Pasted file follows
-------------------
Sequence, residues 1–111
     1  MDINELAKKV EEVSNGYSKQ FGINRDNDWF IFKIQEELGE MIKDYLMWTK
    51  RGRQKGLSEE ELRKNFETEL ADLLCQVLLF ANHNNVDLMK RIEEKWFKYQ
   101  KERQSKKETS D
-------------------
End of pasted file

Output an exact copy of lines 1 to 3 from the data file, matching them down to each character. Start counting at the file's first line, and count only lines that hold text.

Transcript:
Sequence, residues 1–111
     1  MDINELAKKV EEVSNGYSKQ FGINRDNDWF IFKIQEELGE MIKDYLMWTK
    51  RGRQKGLSEE ELRKNFETEL ADLLCQVLLF ANHNNVDLMK RIEEKWFKYQ